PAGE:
And, finally, St. Peter, taking his cue from the wisdom of Proverbs says, “And above all things have fervent love for one another, for ‘love will cover a multitude of sins’” (Pr. 10:12; 1 Pe. 4:8).

We could go on, but I believe you’ve got the point.  We can be super Christians in our own minds, but, as St. Paul says elsewhere, if we have not love (which includes the alms of forgiveness, the oil of compassion), we are nothing more than clanging symbols, hollow and empty (1 Cr. 13:1-13).  Inasmuch as we try to creatively dance around this issue of interpersonal relationships, the Sacred Scriptures are very clear that we cannot deceive ourselves and expect God to hear our prayers and to do for us what we are unwilling to do for others, that is, to have mercy on us in the Day of Judgment and to forgive us our sins. 

Too often we content ourselves to hold onto grudges like bulldogs, clinging tenaciously to bitterness and all its other related garbage, and anticipate that “it is well with our soul.”  We’re only kidding ourselves and we’re certainly not fooling God because that’s pride.  St. Paul counsels us to be at peace with others insofar as it depends on you (Rm. 12:18; Hb. 12:14).  And, therein, lies the issue: Are we willing?  I won’t even ask if we’re able because that’s a cop out.  We’re able if we’re willing.  That doesn’t mean it won’t be a painful experience.  Such is the gift of humility.  It doesn’t mean it will be easy.  Forgiveness rarely is easy.  Such is spiritual growth into the fullness of the stature of Christ God (Ep. 4:13).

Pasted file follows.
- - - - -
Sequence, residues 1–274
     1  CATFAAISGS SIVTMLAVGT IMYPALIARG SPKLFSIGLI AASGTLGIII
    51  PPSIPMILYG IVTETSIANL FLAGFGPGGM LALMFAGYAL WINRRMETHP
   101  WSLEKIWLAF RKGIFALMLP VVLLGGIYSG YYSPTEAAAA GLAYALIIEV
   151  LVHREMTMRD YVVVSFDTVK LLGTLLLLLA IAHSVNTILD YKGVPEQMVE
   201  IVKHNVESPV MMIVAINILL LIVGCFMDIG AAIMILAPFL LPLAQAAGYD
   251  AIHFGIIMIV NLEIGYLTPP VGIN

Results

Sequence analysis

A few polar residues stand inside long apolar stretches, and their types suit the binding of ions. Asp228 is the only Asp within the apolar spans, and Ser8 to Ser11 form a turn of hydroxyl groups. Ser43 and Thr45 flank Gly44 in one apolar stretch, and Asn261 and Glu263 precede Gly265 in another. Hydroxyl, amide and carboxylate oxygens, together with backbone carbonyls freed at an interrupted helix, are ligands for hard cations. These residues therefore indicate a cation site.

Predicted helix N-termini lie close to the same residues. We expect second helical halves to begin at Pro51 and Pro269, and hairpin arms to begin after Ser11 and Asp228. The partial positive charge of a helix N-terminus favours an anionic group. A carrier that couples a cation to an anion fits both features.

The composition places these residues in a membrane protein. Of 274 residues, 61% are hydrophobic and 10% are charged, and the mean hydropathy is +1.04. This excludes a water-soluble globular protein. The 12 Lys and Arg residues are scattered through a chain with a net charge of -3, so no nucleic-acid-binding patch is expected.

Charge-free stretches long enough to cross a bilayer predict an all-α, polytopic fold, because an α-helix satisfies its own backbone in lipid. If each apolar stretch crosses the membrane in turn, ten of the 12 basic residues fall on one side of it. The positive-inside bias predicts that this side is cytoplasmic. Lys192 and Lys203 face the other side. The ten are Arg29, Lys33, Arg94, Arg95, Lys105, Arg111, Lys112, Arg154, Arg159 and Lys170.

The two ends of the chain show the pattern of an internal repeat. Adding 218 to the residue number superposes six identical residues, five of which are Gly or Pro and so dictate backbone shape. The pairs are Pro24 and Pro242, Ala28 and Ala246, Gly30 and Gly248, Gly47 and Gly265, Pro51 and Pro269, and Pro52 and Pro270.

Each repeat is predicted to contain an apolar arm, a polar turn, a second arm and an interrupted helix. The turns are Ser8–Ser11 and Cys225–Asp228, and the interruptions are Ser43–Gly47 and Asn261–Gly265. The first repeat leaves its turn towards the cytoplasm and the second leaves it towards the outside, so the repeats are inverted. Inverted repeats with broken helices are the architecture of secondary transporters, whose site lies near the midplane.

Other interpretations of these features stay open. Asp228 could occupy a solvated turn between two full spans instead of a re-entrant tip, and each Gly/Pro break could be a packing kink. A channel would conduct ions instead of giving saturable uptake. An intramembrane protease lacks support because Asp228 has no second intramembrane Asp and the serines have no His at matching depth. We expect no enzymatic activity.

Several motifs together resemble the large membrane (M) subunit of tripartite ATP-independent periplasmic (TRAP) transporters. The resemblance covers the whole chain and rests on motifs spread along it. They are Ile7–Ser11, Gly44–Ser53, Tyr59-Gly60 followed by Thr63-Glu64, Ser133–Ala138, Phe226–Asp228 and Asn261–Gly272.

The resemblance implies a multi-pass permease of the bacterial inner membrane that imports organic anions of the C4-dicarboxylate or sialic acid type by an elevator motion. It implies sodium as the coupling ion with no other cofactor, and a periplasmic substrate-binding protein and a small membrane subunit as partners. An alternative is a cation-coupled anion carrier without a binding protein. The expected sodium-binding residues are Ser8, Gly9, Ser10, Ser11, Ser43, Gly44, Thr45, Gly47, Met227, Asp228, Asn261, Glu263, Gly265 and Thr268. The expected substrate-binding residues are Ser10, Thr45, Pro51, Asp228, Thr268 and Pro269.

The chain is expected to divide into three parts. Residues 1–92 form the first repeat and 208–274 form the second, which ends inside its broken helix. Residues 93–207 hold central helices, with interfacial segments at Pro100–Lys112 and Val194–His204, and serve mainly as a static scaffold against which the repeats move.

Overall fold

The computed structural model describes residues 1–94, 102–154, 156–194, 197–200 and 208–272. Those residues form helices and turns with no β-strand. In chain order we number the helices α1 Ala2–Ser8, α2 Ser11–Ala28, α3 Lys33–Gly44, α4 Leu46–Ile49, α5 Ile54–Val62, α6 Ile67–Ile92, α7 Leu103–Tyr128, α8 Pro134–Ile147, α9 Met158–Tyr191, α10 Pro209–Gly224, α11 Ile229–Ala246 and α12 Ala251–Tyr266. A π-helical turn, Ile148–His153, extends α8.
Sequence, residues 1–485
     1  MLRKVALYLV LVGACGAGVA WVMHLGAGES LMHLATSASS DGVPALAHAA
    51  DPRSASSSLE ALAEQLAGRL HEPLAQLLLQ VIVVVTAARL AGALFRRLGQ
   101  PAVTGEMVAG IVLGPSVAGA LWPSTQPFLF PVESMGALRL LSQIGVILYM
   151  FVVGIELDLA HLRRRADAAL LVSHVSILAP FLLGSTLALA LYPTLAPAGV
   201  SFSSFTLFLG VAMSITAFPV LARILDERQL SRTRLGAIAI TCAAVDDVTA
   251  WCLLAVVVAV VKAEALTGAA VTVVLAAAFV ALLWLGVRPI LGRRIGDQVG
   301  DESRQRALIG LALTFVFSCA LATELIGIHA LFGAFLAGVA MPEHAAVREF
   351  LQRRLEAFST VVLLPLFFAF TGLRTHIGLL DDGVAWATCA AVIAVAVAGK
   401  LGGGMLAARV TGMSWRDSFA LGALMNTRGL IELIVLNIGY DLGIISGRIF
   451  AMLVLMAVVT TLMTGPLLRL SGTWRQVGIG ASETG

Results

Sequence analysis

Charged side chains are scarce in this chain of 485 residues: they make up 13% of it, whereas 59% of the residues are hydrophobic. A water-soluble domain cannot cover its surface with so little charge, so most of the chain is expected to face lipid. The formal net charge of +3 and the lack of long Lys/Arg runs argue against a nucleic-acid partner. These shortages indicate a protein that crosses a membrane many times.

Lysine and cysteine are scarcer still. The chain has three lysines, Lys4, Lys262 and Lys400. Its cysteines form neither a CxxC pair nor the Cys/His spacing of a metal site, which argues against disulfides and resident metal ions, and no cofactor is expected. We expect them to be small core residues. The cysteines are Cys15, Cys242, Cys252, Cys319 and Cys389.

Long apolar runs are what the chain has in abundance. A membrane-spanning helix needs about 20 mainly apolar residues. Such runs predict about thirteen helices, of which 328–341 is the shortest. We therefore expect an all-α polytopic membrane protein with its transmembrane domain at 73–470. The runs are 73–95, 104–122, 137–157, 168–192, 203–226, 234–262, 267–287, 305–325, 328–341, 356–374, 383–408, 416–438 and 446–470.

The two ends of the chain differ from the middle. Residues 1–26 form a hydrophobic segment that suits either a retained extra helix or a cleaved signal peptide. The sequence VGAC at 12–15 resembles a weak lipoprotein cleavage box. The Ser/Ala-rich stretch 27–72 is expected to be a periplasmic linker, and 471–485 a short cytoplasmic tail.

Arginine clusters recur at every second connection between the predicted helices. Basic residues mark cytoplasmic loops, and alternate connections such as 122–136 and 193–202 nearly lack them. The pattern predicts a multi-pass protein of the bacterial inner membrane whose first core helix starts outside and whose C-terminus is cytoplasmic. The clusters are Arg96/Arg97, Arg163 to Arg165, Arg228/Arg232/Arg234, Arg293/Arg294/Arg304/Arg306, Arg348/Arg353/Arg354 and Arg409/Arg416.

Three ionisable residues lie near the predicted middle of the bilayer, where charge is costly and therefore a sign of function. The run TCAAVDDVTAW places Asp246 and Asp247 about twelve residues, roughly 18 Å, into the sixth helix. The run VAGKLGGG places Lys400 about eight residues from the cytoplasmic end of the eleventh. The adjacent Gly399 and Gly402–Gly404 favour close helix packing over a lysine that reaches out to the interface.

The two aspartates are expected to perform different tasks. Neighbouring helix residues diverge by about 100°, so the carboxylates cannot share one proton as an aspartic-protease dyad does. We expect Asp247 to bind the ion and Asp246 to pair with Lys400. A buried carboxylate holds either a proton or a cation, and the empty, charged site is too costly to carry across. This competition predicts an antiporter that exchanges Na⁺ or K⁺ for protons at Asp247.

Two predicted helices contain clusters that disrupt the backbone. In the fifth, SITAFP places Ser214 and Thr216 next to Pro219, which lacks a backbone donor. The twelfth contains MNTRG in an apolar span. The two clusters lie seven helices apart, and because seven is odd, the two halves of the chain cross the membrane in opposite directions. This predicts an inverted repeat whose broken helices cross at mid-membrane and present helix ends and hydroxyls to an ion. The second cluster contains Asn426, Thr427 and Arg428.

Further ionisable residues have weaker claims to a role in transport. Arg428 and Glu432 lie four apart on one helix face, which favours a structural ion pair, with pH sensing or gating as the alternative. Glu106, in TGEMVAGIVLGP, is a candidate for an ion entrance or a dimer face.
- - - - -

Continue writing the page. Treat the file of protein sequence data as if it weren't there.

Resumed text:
But, this is the start of the Fast of Great and Holy Lent, and our Lord calls us to fast from sin, fast from pride, fast from divisions, fast from all of those things that plague our souls and ail us.  He teaches us elsewhere that if we are bringing our gift to the Altar and there remember that our brother or sister has something against us, we are to leave it and go find our brother or sister and be reconciled to them (Mt. 5:23-26).  And, we are to do it quickly before we get cold feet or it’s too late because death has intervened after which we must face the dread Judgment Seat of Christ (Hb. 9:27).  Notice, beloved, our Lord doesn’t say that there has to be merit to the differences dividing us from our brother or sister.  If divisions exist, it is unbecoming to the Body of Christ.  Note also, He doesn’t say that our brother or sister will be open to or accepting of reconciliation.  But, insofar as it depends on you, seek to be reconciled.  The Lord will judge righteously both parties.  It is not a bad practice – in fact it is commendable – that you seek out the brethren before the Divine Liturgy and ask their forgiveness on a regular basis.  Today sets the tone.  Today gives us permission to do so, even if there are no biggie issues.  It is always meet and right to clear the air, to sweep up the fine dust that, if left unswept, accumulates with time and complacency.